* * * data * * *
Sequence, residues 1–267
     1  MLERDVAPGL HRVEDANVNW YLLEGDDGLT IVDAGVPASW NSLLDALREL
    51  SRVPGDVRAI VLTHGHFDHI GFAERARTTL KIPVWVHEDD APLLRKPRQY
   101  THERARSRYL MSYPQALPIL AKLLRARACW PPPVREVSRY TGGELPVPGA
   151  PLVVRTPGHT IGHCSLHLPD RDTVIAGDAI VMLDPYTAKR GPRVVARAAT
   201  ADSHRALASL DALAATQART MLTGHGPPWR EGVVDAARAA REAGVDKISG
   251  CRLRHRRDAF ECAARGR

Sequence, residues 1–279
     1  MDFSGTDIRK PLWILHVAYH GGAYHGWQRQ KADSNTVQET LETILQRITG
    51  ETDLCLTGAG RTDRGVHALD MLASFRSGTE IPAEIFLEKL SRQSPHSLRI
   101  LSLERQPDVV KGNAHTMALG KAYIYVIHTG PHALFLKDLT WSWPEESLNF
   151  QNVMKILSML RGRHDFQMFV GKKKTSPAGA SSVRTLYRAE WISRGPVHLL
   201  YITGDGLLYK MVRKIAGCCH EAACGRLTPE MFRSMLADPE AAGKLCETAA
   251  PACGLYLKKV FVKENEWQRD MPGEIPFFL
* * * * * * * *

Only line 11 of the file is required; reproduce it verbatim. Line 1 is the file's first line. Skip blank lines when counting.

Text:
   101  LSLERQPDVV KGNAHTMALG KAYIYVIHTG PHALFLKDLT WSWPEESLNF